China downgraded its diplomatic relations with Lithuania to the level of charge d’affaires on Sunday, after it allowed Taiwan to open an embassy.
“The Chinese government, based on the need to protect national sovereignty and the basic norms governing international relations, has no choice but to downgrade its diplomatic relations with Lithuania to the level of charge d’affaires,” the Chinese Foreign Ministry said in a statement.
The decision came after Taiwan, which China considers a breakaway province, opened its representative office, a de facto embassy, in Lithuania on Thursday.
The Chinese ministry confirmed that “diplomatic relations have been damaged by Lithuania.”
“This move creates a false impression that China and Taiwan are two countries, and this undermines China’s sovereignty and territorial integrity, and blatantly interferes in the country’s internal affairs,” the statement said.
The Chinese Foreign Ministry expressed “strong dissatisfaction and protest” over the latest move, warning Lithuania of the consequences.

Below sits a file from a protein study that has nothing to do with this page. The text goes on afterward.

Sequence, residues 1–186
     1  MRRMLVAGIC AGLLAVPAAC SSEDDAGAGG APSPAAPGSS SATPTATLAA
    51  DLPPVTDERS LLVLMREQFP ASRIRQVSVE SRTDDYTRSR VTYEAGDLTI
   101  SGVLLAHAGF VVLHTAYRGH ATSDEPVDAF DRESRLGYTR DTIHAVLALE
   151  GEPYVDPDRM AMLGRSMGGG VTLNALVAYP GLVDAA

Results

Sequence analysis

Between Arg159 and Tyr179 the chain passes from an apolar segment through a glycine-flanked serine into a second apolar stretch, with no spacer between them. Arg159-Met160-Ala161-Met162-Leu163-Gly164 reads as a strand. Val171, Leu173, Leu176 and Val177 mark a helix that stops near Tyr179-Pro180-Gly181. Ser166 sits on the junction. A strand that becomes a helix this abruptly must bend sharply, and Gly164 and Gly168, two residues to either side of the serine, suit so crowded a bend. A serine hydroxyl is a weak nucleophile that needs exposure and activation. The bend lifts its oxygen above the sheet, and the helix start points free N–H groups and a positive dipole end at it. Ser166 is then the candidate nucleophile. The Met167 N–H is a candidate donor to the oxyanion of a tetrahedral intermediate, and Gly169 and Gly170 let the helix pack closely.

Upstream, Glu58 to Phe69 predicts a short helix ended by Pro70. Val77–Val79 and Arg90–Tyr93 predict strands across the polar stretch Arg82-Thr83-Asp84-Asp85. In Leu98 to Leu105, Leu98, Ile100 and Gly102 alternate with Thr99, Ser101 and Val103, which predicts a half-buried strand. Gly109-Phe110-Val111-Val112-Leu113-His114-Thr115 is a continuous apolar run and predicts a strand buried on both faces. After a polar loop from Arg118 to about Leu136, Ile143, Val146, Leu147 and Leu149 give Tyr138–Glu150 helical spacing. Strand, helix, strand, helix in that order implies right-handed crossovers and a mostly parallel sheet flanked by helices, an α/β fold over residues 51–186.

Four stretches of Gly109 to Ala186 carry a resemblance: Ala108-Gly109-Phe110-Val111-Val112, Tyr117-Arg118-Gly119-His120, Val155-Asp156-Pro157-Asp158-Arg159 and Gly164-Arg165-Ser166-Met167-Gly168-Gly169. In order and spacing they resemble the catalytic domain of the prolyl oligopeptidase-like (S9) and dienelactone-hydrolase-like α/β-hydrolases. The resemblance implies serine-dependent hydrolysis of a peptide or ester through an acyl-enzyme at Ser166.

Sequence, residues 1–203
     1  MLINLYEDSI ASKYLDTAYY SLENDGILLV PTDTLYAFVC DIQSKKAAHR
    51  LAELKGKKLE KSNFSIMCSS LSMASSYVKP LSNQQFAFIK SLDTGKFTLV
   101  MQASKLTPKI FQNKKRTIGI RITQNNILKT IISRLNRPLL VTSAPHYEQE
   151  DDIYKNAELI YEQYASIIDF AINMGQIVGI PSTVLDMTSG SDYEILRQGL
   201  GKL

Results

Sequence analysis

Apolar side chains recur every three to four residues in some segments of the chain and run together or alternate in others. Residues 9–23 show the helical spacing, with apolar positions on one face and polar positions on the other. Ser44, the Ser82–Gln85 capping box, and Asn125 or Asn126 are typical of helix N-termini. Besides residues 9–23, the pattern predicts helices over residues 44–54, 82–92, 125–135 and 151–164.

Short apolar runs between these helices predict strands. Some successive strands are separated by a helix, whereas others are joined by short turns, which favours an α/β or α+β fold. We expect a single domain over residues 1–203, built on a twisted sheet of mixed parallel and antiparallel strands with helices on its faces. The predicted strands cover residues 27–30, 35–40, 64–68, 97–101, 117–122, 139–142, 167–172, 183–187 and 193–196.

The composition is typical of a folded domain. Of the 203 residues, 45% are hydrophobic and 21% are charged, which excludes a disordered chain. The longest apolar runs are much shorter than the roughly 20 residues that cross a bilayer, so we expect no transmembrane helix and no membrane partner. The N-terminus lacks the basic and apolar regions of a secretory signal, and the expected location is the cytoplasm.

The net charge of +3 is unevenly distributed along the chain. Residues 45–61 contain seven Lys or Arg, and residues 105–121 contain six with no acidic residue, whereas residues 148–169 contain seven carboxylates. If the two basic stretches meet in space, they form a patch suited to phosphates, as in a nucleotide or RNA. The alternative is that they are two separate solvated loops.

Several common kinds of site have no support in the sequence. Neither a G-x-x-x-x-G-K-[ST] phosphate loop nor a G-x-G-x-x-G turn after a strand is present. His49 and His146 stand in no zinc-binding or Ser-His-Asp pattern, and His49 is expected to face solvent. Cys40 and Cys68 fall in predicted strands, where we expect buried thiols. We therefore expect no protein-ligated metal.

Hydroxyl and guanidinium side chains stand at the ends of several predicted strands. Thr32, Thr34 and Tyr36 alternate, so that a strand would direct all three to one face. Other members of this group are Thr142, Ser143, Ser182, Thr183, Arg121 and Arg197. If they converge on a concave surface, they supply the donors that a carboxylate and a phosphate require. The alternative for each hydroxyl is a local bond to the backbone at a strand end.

Beijing also urged the Lithuanian government to “immediately retreat, and not underestimate the strong resolve, will and ability of the Chinese people to defend national sovereignty and territorial integrity.”
“The one-China principle represents the overwhelming consensus of the international community and is a widely recognized norm governing international relations, as well as the political foundation for the development of bilateral relations between China and Lithuania,” the statement noted.
Relations between Beijing and Taiwan have been tense since 1949, when forces led by the “National Party” took control of Taiwan by force, following its defeat in the civil war in China, and the inauguration of the “Chinese Republic” on the island.
Beijing does not recognize the independence of Taiwan, and considers it part of Chinese territory, and rejects any attempts to separate it from China, and in return, Taiwan does not recognize the central government of Beijing.